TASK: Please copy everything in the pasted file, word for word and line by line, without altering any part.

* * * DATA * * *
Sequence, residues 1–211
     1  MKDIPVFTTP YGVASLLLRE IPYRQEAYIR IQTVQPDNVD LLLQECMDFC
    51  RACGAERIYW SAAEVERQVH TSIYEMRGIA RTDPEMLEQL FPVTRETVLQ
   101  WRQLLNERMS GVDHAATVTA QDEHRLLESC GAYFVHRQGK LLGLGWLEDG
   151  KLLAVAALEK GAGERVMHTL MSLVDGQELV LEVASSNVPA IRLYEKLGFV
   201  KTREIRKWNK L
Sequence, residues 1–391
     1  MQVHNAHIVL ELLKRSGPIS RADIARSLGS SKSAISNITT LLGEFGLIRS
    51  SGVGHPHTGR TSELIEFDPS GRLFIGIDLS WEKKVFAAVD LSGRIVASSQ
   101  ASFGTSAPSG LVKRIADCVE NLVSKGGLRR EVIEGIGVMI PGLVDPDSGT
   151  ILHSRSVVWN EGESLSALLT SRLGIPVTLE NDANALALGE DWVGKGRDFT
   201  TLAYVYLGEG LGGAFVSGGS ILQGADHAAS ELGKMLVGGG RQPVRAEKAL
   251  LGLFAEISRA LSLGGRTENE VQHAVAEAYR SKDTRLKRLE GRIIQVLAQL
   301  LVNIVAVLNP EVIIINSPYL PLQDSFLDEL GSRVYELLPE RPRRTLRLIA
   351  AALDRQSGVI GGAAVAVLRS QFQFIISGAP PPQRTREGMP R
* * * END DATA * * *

Sequence, residues 1–211
     1  MKDIPVFTTP YGVASLLLRE IPYRQEAYIR IQTVQPDNVD LLLQECMDFC
    51  RACGAERIYW SAAEVERQVH TSIYEMRGIA RTDPEMLEQL FPVTRETVLQ
   101  WRQLLNERMS GVDHAATVTA QDEHRLLESC GAYFVHRQGK LLGLGWLEDG
   151  KLLAVAALEK GAGERVMHTL MSLVDGQELV LEVASSNVPA IRLYEKLGFV
   201  KTREIRKWNK L
Sequence, residues 1–391
     1  MQVHNAHIVL ELLKRSGPIS RADIARSLGS SKSAISNITT LLGEFGLIRS
    51  SGVGHPHTGR TSELIEFDPS GRLFIGIDLS WEKKVFAAVD LSGRIVASSQ
   101  ASFGTSAPSG LVKRIADCVE NLVSKGGLRR EVIEGIGVMI PGLVDPDSGT
   151  ILHSRSVVWN EGESLSALLT SRLGIPVTLE NDANALALGE DWVGKGRDFT
   201  TLAYVYLGEG LGGAFVSGGS ILQGADHAAS ELGKMLVGGG RQPVRAEKAL
   251  LGLFAEISRA LSLGGRTENE VQHAVAEAYR SKDTRLKRLE GRIIQVLAQL
   301  LVNIVAVLNP EVIIINSPYL PLQDSFLDEL GSRVYELLPE RPRRTLRLIA
   351  AALDRQSGVI GGAAVAVLRS QFQFIISGAP PPQRTREGMP R